Artvin

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Artvin is stapled onto a mountainside, overlooking the vast Çoruh River Valley and at the top of a 5km series of switchbacks chiseled into the western slope. The rarefied Artvin air is saturated with smog and waste, sustaining a beleaguered mix of military men, college students, shopkeepers, and prostitutes. For most of the year, Artvin offers little to the visitor except a few tawdry gazinos and a dubious nightlife. For one shining weekend in late June/early July, however, it is home to the monumental Kafkasör Festival, Turkey’s largest and most authentic folk festival. The festival takes place in a grassy yayla above town, and its bloodless bullfights, folk dancing, and general hijinks attract a diverse and joyful crowd. Artvin is also the capital of a province stretching from tire border with Georgia to the highlands of the Çoruh River, making it a useful travel route inland and a base for supplies for exploring Yusufeli end route to the valley beyond.

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TRANSPORTATION            

A tiny otogar is five steep kilometers from the center of town, near the fortress at the base of the river valley. Local dolmuş ($.80), free shuttle buses, the municipal bus (every 30min., $.50), and taxis ($2) all ran from the otogar up to the town center on İnönü Cad. Luckily, most bus and minibus lines will also deposit or pick up passengers from the town center for free.

  • Flights: The THY office (212 20 00; fax 212 24 20), in Hotel Karahan. Sells tickets for flights out of Erzurum, Trabzon, and Kars. Open daily 8am-5pm.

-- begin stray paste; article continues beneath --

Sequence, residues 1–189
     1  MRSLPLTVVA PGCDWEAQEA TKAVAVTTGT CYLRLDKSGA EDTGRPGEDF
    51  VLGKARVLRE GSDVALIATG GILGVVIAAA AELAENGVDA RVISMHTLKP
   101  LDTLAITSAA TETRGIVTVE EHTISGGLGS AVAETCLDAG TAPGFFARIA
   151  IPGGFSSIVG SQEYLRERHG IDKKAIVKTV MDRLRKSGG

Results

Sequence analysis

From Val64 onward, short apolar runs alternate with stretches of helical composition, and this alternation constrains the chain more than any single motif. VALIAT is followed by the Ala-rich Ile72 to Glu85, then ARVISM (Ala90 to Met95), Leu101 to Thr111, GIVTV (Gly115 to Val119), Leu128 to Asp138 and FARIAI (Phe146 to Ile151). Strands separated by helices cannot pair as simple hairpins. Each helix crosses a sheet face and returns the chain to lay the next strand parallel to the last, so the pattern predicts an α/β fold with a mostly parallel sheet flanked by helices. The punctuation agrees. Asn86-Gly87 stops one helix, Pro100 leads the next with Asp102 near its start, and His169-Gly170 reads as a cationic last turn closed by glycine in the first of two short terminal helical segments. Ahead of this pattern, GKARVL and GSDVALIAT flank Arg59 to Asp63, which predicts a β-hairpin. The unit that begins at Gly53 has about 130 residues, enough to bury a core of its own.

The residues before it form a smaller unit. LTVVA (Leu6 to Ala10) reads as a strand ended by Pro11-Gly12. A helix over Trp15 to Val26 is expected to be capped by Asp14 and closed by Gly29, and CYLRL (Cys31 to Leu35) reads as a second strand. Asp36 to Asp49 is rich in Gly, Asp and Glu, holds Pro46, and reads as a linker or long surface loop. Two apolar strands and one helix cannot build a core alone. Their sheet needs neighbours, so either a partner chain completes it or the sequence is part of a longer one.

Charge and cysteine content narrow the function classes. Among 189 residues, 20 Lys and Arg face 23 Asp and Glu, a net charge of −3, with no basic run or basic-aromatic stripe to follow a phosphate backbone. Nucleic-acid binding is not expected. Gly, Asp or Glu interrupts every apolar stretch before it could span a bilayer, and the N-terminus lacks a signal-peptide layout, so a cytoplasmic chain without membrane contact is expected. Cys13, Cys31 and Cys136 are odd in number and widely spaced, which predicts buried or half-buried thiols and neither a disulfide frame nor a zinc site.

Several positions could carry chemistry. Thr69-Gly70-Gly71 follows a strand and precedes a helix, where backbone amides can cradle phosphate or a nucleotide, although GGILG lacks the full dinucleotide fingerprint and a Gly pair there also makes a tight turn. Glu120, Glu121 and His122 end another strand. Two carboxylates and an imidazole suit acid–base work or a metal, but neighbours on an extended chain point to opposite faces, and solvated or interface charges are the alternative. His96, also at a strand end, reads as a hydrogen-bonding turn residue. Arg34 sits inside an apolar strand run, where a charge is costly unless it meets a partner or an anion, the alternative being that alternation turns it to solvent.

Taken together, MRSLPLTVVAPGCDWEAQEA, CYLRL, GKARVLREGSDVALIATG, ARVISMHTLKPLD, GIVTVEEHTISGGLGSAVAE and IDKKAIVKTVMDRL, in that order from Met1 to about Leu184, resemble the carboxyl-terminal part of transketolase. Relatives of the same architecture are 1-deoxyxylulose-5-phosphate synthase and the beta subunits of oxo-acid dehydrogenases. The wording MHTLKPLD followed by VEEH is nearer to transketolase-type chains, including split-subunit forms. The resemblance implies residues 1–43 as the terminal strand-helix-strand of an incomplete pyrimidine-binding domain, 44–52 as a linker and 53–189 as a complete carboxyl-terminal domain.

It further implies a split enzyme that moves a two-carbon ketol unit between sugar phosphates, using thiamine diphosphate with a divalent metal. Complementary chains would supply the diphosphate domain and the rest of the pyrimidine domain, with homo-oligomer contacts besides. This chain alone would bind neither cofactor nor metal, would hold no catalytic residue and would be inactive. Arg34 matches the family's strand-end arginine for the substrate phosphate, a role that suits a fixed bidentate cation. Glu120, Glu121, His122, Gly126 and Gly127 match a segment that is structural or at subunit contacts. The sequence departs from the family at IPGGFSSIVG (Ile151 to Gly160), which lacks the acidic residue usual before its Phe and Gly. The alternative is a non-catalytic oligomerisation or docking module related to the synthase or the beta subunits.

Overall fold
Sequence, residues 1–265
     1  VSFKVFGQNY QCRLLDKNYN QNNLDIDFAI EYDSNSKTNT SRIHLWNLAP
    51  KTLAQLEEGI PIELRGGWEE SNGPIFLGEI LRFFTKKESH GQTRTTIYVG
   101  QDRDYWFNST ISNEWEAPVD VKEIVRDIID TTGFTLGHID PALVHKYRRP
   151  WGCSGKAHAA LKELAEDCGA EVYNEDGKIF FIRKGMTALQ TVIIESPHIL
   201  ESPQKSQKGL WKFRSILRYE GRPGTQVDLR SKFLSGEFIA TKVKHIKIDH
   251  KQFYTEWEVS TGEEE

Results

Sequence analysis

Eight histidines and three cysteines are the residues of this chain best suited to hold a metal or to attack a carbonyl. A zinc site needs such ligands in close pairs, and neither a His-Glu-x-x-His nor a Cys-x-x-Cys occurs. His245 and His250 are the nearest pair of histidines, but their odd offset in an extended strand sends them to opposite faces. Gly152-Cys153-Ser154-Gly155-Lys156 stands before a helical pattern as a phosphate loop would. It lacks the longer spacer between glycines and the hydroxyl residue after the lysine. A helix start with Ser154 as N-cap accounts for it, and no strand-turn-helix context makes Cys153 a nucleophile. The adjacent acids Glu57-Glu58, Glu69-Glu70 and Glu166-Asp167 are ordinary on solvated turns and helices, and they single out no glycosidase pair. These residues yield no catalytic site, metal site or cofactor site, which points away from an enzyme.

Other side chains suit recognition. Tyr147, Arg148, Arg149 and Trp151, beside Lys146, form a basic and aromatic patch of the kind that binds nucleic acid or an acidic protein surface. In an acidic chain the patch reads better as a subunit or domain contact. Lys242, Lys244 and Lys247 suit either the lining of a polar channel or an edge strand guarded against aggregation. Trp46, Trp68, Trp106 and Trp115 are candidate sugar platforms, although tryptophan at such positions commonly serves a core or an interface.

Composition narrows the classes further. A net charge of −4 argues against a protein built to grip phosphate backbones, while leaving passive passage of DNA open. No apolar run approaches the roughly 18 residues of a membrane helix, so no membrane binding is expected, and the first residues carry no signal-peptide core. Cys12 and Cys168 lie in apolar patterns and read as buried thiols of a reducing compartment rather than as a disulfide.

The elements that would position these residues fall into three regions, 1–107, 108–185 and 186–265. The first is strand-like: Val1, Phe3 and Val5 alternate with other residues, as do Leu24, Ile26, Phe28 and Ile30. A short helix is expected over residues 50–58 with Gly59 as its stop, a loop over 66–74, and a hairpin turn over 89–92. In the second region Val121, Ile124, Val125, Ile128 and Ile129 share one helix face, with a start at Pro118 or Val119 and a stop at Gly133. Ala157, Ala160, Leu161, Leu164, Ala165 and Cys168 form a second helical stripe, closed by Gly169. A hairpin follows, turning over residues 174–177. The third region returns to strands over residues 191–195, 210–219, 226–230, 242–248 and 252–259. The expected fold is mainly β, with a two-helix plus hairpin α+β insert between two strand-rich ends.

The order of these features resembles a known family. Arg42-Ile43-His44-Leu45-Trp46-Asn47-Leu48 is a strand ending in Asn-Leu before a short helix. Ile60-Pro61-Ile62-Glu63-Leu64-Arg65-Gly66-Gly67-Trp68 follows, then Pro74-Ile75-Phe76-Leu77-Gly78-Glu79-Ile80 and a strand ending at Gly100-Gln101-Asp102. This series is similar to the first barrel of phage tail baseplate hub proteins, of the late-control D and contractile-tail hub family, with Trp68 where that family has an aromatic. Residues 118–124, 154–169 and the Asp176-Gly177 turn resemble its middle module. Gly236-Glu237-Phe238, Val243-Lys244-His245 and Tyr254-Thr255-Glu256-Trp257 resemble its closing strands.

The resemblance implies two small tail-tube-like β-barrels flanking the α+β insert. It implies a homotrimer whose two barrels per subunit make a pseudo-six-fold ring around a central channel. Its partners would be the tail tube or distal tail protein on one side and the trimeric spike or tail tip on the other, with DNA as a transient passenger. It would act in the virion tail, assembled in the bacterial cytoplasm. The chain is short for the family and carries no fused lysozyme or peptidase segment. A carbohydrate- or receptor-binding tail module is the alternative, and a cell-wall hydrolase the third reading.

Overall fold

• Buses: Artvin Express (212 13 76 or 212 15 20) has an office across from the enor¬mous municipal building halfway up İnönü Cad. To: Ankara (16hr., 2pm, $19); Erzurum (4hr.; 6, 11am, 1:30, 5:30pm; $7); Hopa (2hr., every hr. 7am-4pm, $2.50); İstanbul (22hr., 1pm, $23); Kars (5hr., noon, $7); Rize (3hr.; 7:30, 10, 11:30am, 12:30pm; $5); Trabzon (5hr.; 7:30am, noon, 1, 3, 5pm; $7); Yusufeli (1/2hr.; 9:30am, noon, 2:30, 5pm; $2.50), Dolmuş from Hopa run to Georgia.

ORIENTATION AND PRACTICAL INFORMATION

Hotels, restaurants, banks, tea houses, and shops line İnönü Cad., the main street, which runs uphill to a circle at the top of the town. From the top of the circle, Cumhuriyet Cad. parallel İnönü on an uphill slope ending at Cami Meydanı (“Mosque Square”) on the uphill side of Hotel Karahan.

  • Tourist Office: (212 30 71), at the uphill end of İnönü Cad. Amicable English speaker and glossy brochures. Open daily 8am-noon and 1:30-5:30pm.
  • Banks: Akbank, next to the Artvin Express office. Changes cash and American Express traveler’s checks. Open daily 8:30am-5:30pm.
  • Hamam: (212 11 58), appropriately located on Hamam Sok., by the Kaçkar Hotel. Closed for renovations at the time of publication.
  • Police: (212 11 33), next to municipal building on İnönü Cad.
  • Pharmacy: 6 pharmacies are scattered on İnönü Cad., taking turns staying open 24hr. Hospital: (212 10 40), on the main winding road above the town center.
  • Internet Access: Multiple options exist and connections are fast. One block uphill from Cumhuriyet Cad., Casper Internet Cafe will be on your right on the 2nd floor. $1 per hr. Open daily 10am-midnight. Farther along İnönü Cad. are identical Sis and Arge cafes. PTT: Halfway up İnönü Cad. Cash and card phones. Another branch, on İnönü Cad„ has Poste Restante. Both open daily 8am-12:30pm and 1:30-11pm; phones 24hr.